Last November, we had the national elections…and then in March we had (most of) our Los Angeles municipal elections. But now it’s May and time for yet another election day.
Tomorrow – Tuesday, May 16 – Angelenos will go to the polls once again, this time to vote on a potential amendment to the City Charter. And for most people in our mid-town area, this will be the only item on the ballot. (Note: there are also a couple of school board races taking place tomorrow, including one for a very hotly contested seat on the west side, but those districts are mostly outside the Buzz’s general readership area. Also, the City Council District 1 seat is up for grabs, too.)
Charter Amendment C, which will be the one ballot item decided citywide tomorrow, would change the composition of disciplinary review panels for the Los Angeles Police Department. Currently, such panels are made up of two high-ranking LAPD officers and one civilian. But Charter Amendment C would allow officers facing such hearings to have the option of a panel composed entirely of civilians instead. The amendment specifies that the civilians would have to meet certain eligibility standards, including at least seven years’ experience in arbitration, mediation or similar work…but it does not specify “the qualifications of, selection procedures for, and compensation of the civilian members,” which would be left up to a new city ordinance to be drafted later if the charter amendment passes.
According to a story in the Los Angeles Times yesterday, those in favor of the amendment, which is supported by Mayor Eric Garcetti and the entire Los Angeles City Council, say the option for an all-civilian disciplinary panel could “help assure officers that they’ll get a fair hearing” because studies show that civilians on such panels tend to be more lenient than police officers.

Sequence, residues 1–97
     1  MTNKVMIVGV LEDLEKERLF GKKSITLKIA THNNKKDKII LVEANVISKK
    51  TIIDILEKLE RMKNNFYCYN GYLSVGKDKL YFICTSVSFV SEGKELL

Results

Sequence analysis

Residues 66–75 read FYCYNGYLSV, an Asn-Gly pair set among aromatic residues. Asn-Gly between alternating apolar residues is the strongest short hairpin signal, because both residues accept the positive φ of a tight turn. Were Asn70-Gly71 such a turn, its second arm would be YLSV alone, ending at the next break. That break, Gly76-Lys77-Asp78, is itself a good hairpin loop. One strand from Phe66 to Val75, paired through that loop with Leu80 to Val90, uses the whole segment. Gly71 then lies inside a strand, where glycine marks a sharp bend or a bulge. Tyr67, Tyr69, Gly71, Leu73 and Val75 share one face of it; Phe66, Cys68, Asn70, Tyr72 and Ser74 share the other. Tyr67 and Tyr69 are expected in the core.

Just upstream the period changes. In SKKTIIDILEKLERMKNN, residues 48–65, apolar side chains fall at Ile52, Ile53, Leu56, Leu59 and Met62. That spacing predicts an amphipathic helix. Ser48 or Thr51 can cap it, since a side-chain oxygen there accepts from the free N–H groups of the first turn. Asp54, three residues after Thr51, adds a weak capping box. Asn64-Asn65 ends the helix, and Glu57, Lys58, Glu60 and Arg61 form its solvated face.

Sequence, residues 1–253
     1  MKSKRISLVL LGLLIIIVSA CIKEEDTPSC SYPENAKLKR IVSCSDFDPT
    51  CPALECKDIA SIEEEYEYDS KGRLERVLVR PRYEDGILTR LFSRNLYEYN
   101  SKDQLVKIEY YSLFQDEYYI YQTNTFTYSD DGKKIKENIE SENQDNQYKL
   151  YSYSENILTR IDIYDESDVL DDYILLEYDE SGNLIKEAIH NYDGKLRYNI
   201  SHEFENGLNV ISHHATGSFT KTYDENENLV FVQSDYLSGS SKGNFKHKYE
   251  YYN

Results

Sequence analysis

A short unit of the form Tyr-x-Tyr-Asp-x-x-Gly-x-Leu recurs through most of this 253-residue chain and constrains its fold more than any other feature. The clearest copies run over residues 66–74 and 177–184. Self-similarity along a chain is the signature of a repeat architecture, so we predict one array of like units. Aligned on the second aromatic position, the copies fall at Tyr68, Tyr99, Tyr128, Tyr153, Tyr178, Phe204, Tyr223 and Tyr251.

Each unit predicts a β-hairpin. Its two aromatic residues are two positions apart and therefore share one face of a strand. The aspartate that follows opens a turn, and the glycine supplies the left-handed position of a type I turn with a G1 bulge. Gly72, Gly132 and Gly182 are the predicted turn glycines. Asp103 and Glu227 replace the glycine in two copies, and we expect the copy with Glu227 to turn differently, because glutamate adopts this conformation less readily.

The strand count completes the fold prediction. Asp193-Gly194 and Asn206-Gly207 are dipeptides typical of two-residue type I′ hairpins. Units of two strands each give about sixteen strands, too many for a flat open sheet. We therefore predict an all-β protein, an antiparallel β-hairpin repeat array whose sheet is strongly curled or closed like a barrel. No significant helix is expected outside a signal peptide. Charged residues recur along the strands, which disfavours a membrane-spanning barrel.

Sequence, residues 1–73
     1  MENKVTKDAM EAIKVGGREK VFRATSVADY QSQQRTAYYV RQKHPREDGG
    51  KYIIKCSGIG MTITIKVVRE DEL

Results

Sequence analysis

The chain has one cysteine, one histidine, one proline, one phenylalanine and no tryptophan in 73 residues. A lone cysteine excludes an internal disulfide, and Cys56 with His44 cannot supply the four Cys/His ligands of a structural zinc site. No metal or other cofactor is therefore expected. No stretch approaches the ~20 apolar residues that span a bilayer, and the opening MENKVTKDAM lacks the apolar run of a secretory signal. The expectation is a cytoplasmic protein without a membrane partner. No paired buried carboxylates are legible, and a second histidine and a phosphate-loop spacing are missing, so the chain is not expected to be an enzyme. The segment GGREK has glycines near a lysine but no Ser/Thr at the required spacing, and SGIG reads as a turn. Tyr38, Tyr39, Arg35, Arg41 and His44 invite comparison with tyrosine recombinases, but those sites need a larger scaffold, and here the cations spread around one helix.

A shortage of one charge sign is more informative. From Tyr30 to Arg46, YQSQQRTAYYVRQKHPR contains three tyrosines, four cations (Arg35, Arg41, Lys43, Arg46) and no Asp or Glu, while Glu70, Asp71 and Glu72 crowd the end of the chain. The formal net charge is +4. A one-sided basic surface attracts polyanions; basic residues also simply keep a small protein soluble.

Opponents of the amendment, however, say that more lenient all-civilian panels could lead to “misbehaving” officers not receiving the discipline they deserve. There is also some controversy, according to the Times story, about whether or not the measure – “a product of extensive talks between Garcetti and the Los Angeles Police Protective League,” which supported the mayor’s recent re-election – is really more of a “political favor” than proper or effective reform. Those who recommend a “no” vote include the American Civil Liberties Union, Black Lives Matter, the League of Women Voters, the Southern Christian Leadership Conference, the Los Angeles Times and the L.A. Daily News.
In general, voter turnout in city elections tends to be notoriously low, especially in recent years. (The March elections, which included not only the mayoral and several city council elections, but also the much-publicized and discussed Measure S, and – in some areas – a special election to fill the District 34 congressional seat, saw only 11% of eligible voters come to the polls.) So this election, with only one rather “inside baseball” item on the ballot for many citizens, also promises a fairly low turnout.
But that just means your vote counts even more than usual. So please take a few minutes to find your polling place…and vote on Tuesday – your city needs you!
[This story has been updated to add the organizations recommending “no” votes on Charter Amendment C.]